If you read the Daily Mail this week on 9th April one of the lead articles claims that in the UK, we spend £15 billion a year on alcohol. Now, the Daily Mail is not the most of reliable sources, but this is nevertheless an impressive figure! As sensationalist as ever it then proceeds to mention that we spend £30,000 on alcohol each minute. These headlines might sell newspapers, but alcohol consumption is actually slowly declining in our country! If we drill down to serious statistics, data from the NHS suggests that between 2005 and 2017 in the UK, there was a fall in the proportion of men who were frequent drinkers (those who drank alcohol on at least five days in the week) from 22% to 12%, and in the proportion of women who did so from 13% to 8%. In 2017 in England, 24% of men said that their average weekly alcohol consumption was more than 14 units but no more than 50 units. 11% of women said that their average weekly alcohol consumption was more than 14 units but no more than 35 units. The latest amended advice on alcohol of course states that both men and men should not consume more than 14 units per week. So, a quarter of men exceed these guidelines in the UK.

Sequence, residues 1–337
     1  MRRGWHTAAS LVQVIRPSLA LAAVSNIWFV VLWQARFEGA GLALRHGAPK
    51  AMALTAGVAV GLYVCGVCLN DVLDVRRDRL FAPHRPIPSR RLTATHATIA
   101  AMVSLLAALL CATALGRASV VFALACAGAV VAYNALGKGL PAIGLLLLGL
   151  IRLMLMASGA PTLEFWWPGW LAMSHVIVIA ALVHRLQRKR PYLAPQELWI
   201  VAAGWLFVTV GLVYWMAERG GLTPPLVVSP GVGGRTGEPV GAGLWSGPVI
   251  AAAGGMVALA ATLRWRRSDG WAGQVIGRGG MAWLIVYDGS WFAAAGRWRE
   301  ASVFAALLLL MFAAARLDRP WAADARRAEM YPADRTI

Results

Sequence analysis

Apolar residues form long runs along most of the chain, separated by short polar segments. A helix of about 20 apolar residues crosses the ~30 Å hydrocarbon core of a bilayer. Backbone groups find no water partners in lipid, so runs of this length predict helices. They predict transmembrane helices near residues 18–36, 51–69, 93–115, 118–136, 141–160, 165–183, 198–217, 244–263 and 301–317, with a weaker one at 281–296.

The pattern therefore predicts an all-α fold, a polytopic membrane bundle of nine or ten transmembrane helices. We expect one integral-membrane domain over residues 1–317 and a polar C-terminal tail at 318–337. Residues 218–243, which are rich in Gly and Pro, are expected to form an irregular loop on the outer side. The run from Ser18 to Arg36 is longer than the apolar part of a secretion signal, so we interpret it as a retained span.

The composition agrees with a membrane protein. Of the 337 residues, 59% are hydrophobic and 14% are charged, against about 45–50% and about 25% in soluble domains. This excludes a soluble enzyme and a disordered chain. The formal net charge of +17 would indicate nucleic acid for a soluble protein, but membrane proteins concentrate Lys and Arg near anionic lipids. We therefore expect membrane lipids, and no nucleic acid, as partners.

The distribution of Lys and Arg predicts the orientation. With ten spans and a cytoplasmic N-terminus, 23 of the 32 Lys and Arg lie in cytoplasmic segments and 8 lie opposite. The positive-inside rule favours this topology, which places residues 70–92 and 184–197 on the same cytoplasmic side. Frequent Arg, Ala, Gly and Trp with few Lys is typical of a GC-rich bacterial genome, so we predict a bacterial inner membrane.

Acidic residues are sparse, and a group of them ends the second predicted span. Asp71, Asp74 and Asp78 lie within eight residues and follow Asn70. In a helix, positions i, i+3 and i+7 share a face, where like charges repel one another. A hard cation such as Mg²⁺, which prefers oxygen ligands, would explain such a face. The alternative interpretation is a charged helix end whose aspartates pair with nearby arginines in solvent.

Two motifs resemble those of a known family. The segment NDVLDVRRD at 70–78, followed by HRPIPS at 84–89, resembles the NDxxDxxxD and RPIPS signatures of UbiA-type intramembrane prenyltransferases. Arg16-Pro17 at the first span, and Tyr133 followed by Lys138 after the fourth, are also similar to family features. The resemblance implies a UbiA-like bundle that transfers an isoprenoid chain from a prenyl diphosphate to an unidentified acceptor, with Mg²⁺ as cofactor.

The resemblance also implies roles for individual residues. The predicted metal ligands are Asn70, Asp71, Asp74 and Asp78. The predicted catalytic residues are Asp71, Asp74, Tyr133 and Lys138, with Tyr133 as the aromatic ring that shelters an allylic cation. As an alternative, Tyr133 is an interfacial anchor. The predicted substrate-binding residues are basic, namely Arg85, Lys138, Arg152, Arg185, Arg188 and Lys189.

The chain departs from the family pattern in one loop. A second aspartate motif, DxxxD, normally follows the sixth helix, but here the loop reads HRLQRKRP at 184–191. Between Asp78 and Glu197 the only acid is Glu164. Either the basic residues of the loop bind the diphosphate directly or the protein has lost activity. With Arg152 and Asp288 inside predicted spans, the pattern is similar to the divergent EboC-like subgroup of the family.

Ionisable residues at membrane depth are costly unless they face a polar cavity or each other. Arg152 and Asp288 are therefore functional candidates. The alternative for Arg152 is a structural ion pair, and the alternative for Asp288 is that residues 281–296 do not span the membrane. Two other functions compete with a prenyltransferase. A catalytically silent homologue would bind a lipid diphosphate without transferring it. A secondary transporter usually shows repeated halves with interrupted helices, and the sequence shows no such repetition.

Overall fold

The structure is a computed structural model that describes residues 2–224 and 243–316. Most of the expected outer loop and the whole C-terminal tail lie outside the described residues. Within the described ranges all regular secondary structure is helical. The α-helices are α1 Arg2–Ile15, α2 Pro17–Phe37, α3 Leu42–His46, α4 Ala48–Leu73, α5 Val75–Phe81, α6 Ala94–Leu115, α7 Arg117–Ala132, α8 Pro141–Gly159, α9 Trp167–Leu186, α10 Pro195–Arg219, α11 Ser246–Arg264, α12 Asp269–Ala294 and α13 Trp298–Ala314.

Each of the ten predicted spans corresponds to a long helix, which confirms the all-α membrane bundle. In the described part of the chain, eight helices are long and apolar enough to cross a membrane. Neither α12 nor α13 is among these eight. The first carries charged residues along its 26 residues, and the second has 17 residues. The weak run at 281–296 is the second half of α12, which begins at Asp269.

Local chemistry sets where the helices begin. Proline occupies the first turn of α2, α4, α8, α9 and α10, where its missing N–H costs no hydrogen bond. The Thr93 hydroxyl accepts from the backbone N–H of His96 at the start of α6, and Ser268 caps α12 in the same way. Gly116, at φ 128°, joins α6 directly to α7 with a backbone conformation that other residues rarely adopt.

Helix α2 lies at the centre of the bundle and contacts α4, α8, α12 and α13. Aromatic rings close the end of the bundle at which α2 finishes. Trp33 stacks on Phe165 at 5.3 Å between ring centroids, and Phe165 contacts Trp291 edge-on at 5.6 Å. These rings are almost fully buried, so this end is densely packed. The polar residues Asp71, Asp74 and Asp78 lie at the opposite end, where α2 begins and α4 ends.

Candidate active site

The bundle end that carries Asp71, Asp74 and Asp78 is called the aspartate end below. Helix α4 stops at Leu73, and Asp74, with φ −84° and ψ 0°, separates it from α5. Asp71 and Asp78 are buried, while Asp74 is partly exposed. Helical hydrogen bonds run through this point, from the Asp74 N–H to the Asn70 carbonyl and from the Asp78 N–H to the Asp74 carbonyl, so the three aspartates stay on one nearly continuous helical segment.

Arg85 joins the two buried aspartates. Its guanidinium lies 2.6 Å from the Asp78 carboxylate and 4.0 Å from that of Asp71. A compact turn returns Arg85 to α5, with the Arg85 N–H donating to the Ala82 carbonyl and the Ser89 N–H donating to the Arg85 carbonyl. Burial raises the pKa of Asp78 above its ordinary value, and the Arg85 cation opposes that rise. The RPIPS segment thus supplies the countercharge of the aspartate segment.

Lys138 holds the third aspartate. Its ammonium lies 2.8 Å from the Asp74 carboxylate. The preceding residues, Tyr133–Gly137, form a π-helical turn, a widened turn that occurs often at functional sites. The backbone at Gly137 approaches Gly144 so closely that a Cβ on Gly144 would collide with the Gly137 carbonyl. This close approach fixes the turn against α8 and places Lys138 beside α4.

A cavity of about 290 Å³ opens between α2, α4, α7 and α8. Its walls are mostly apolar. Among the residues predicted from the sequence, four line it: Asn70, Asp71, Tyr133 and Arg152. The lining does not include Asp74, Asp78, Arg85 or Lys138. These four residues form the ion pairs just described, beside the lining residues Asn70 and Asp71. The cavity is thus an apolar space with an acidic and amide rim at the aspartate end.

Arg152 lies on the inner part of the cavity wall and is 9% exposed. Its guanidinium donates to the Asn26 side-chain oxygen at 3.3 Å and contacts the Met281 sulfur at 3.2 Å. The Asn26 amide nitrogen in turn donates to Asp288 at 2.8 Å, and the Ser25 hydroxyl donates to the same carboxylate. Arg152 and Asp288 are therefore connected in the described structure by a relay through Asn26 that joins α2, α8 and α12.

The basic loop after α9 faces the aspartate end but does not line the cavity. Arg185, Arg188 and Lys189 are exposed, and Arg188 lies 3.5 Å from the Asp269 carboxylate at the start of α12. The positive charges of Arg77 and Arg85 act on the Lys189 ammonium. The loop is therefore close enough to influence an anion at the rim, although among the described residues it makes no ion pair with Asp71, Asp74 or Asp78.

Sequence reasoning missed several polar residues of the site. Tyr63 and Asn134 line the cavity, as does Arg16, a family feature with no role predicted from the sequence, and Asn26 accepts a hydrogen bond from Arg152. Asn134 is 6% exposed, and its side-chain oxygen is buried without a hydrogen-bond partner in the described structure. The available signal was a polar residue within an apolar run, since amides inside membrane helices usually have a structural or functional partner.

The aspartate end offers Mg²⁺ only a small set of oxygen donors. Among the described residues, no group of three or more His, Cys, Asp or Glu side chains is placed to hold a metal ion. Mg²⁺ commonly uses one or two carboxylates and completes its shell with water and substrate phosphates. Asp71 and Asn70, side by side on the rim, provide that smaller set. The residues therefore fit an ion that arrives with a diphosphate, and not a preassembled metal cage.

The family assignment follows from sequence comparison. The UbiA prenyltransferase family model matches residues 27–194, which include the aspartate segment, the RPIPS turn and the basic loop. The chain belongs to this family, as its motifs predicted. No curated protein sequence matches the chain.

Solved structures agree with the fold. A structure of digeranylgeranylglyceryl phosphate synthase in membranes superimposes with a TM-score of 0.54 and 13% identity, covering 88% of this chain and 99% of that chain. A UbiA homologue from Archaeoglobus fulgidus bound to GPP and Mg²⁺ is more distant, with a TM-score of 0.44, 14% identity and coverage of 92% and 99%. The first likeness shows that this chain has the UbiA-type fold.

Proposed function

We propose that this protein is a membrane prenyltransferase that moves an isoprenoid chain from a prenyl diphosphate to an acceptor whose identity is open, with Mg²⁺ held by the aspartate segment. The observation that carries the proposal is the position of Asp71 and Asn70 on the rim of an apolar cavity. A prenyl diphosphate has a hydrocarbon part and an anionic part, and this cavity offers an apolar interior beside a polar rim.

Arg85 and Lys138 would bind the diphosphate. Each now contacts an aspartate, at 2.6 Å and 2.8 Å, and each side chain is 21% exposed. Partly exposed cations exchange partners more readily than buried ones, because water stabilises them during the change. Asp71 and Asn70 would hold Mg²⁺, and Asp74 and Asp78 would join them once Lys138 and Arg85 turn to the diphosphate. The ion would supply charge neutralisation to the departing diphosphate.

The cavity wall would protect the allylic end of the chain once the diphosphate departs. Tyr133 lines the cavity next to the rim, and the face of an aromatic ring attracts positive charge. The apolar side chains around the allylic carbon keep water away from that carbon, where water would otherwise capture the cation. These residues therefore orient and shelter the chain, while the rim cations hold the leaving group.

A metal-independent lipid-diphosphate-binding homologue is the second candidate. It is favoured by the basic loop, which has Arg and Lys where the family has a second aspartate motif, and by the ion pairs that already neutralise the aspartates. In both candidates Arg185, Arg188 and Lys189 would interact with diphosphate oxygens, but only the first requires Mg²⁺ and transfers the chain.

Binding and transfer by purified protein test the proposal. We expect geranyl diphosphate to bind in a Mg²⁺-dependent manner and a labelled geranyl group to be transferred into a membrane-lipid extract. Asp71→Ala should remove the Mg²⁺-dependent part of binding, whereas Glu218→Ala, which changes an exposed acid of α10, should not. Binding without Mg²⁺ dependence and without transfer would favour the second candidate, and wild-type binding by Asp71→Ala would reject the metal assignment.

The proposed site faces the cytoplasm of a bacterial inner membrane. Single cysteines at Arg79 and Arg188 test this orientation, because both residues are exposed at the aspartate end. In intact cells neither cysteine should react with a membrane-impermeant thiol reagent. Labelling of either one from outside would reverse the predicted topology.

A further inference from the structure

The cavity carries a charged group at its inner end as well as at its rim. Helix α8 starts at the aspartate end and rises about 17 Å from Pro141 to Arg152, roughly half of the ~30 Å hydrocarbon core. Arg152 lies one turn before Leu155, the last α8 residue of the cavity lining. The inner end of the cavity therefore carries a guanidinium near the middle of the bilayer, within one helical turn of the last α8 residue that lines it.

Guidelines issued in the UK  by our chief medical officers for alcohol consumption now mean that we have one of the lowest recommended upper limits for alcohol consumption in the world. The guidelines update previous limits set in 1995, which indicated that men should be limited to 21 units or less of alcohol per week and ladies at 14 units. We are now one of the few countries that set equal limits for both men and women. Our guidelines, although low compared to other countries, are well supported by scientific research. How do our guidelines compare with our European counterparts (counterparts being a loose term depending on BREXIT!) ?